The journey of Israel and Palestine has been a bloody one, pricking the conscience of humanity since the beginning. The horrors of the past and the brutality that each side has faced have made them experience the worst. It is from the fear of that experience that they find their unflinching obstinacy. Each side has its narratives, its logic, its religious beliefs, its history to support its demands hence, the polarisation is acute and the task of bridging the gap herculean. However, life has become difficult for both Isarelis and Palestinians due to this conflict and they have realised that war is never the solution. Stakes are high for both sides and a lot has been lost already. Mediation is the best mechanism of resolving this resolution according to us, because it has all the requisites needed, like the neutrality, facilitation, prevention of hostility and escalation and out of the box resolutions. However, besides the proactive participation of the disputed parties in the mediation what is extremely crucial is the relationship of the mediating country with the disputing parties. While neutrality and impartiality is appreciated, the mediating country needs to be empathetic towards the conflict and must be earnestly interested in its resolution. Hence, a correct mediator is extremely crucial for making peace talks conducive for both parties. In the current scenario ticking all the requirements for being the perfect mediator is nearly impossible. Hence, the compromise between the parties for conflict resolution starts from the first step itself.



[1] Jacob Bercovitch, Richard Jackson, Conflict Resolution in the Twenty-first Century: Principles, Methods, and Approaches, 132 (2009).

[2] Scott S. Gartner, Third-Party Mediation of Interstate Conflicts: Actors, Strategies, Selection, and Bias, 6 Y.B. Arb. & Mediation 269 (2014).

[3] Jacob Bercovitch, Richard Jackson, Conflict Resolution in the Twenty-first Century: Principles, Methods, and Approaches, 132 (2009).

[4] Valerie Rosoux, Israeli and Palestinian Stories. Can Mediators Reconfigure Incompatible Narratives? 10 Global Policy (2019).

[5] Id.

[6] Beinin, Joel and Lisa Hajjar, Palestine, Israel and the Arab-Israeli Conflict: A Primer, Middle East Research and Information Project, (last visited Jan. 26, 2020).

[7] Id.

[8] Palestine, Israel and the Arab-Israeli Conflict: A Primer, supra note 3.

[9]Michael Jansen, Betrayal of Arabs after first World War set stage for turbulent century, Irish Times (Jun. 21, 2014)

[10] British White Paper of 1939, Yale Law School The Avalon Project (1939)

[11] White Paper of 1930, Just Vision (1930)

[12] G. A. Res. 181 (Nov. 29, 1947).

[13] Palestine, Israel and the Arab-Israeli Conflict: A Primer, supra note 3.

[14] Palestine, Israel and the Arab-Israeli Conflict: A Primer, supra note 3.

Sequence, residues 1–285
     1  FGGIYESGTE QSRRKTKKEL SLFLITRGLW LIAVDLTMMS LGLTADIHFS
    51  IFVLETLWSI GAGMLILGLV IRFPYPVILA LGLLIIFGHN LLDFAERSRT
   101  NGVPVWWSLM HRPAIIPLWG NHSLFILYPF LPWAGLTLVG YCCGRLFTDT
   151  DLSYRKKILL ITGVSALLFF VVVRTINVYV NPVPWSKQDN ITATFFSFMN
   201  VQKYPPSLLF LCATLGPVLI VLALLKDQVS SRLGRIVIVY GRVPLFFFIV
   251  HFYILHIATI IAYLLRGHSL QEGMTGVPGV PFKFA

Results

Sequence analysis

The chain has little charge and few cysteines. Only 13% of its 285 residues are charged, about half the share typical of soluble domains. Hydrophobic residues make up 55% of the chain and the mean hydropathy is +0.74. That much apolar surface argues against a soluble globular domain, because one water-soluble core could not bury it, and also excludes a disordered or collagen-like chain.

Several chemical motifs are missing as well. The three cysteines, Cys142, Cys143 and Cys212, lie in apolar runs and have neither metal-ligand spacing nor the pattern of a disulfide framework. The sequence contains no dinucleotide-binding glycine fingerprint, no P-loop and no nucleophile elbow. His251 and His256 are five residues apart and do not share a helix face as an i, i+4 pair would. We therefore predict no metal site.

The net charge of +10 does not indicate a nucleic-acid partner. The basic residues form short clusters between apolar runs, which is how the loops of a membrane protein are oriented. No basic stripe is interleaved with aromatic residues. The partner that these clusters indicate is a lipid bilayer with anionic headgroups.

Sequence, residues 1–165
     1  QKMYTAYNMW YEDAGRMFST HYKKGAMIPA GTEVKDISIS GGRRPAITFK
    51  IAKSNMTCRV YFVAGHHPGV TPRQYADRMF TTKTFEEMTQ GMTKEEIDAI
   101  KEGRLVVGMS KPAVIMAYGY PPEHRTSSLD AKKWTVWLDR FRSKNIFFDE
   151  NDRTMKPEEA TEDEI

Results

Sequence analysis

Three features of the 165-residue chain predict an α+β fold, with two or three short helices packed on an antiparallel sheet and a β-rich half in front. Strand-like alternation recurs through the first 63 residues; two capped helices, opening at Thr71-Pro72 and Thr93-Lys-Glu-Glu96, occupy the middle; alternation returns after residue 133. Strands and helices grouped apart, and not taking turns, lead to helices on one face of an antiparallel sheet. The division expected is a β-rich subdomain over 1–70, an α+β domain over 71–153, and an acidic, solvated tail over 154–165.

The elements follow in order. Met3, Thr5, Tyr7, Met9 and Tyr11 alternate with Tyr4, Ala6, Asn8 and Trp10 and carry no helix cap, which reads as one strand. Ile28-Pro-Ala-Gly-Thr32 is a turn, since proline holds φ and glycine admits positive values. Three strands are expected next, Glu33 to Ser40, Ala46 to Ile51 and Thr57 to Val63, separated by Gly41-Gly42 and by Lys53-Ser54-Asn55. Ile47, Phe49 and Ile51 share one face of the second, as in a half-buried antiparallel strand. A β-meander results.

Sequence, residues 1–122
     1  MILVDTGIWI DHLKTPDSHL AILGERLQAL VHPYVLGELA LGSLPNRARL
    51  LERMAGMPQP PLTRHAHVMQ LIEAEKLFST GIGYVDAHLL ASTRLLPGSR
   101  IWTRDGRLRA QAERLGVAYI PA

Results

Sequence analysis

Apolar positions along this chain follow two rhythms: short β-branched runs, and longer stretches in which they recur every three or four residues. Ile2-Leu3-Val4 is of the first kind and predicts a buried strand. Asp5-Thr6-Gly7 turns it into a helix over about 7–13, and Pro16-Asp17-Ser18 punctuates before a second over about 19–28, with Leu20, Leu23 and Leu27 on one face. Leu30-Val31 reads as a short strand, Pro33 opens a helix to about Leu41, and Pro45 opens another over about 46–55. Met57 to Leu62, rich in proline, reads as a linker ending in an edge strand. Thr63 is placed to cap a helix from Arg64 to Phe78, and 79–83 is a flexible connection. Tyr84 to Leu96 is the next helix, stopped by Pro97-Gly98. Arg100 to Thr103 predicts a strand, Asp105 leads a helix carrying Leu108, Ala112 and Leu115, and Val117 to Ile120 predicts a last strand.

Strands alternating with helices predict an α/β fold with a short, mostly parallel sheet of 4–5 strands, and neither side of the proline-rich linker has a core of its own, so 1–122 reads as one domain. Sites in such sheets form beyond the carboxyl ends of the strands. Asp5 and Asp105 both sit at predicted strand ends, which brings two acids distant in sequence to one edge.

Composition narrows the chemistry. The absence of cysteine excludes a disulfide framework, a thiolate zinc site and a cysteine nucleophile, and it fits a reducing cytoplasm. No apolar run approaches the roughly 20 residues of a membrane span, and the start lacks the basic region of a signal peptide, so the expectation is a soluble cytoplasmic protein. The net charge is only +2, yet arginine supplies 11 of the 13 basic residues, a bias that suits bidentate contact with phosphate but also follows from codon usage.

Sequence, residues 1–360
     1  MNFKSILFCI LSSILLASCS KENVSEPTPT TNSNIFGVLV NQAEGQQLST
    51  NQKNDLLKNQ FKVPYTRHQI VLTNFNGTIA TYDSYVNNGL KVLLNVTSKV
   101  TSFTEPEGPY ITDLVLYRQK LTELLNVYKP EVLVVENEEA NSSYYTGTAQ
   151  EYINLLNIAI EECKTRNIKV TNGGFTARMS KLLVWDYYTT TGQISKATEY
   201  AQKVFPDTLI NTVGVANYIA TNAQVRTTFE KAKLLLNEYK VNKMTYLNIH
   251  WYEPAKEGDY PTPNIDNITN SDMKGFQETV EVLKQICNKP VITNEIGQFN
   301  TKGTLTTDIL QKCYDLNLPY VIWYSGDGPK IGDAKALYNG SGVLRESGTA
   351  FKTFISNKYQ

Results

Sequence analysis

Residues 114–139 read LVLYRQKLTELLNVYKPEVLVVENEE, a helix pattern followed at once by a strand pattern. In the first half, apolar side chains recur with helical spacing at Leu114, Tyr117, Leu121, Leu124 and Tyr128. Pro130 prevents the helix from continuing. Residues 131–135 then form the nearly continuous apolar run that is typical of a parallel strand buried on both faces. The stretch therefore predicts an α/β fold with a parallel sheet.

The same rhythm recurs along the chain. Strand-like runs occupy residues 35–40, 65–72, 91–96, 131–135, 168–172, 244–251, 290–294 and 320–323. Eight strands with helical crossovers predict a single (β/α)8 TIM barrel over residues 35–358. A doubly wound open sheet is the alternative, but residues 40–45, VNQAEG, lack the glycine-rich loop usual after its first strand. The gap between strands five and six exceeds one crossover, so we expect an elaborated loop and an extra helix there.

[15]The Israel-Palestine conflict — 100 years of history, The Hindu (Oct. 31 2017),

[16] Winston P. Nagan & Aitza Haddad, Recognition of Palestinian Statehood: A Clarification of the Interests of the Concerned Parties, UF Law Faculty Publications, (2012).

[17] S. C. Res. 242, (Nov. 22, 1967).

[18] Palestine, Israel and the Arab-Israeli Conflict: A Primer, supra note 3.

[19] William Quandt, Camp David and Peacemaking in the Middle East, 101 Pol. Science Quarterly 357-377 (1986).

[20] Id.

[21] Quandt, supra note 16.

[22] Quandt, supra note 16.

[23] Quandt, supra note 16.

[24] Quandt, supra note 16.

[25] Quandt, supra note 16.

[26] U.N. Peacemaker, Framework for Peace in the Middle East and Framework for the Conclusion of a Peace Treaty between Egypt and Israel (Camp David Accords) (Sep. 17, 1978),

[27] Palestine, Israel and the Arab-Israeli Conflict: A Primer, supra note 3.

[28] Alexander Mikaberidze, Conflict and Conquest in the Islamic World: A Historical Encyclopedia, Vol. 1, 2011, pg. 399-400

[29] Id.

[30] Ben White, Facts about the first Intifada, Middle East Monitor (Dec 9, 2017),

[31] History of Mid-East peace talks, BBC World News (Jul. 29, 2013),

[32] Mona Juul, Israel and Palestine – Experiences on mediation and mediators in the Middle East, 53 Development Dialogue (2009).

[33] Id.

[34] Juul, supra note 29.

[35] Palestine, Israel and the Arab-Israeli Conflict: A Primer, supra note 3.

[36] Palestine, Israel and the Arab-Israeli Conflict: A Primer, supra note 3.

[37] Juul, supra note 29.

[38] Juul, supra note 29.

[39] History of Mid-East peace talks, supra note 28.

[40] History of Mid-East peace talks, supra note 28.

[41] Palestine, Israel and the Arab-Israeli Conflict: A Primer, supra note 3.

[42] Palestine, Israel and the Arab-Israeli Conflict: A Primer, supra note 3.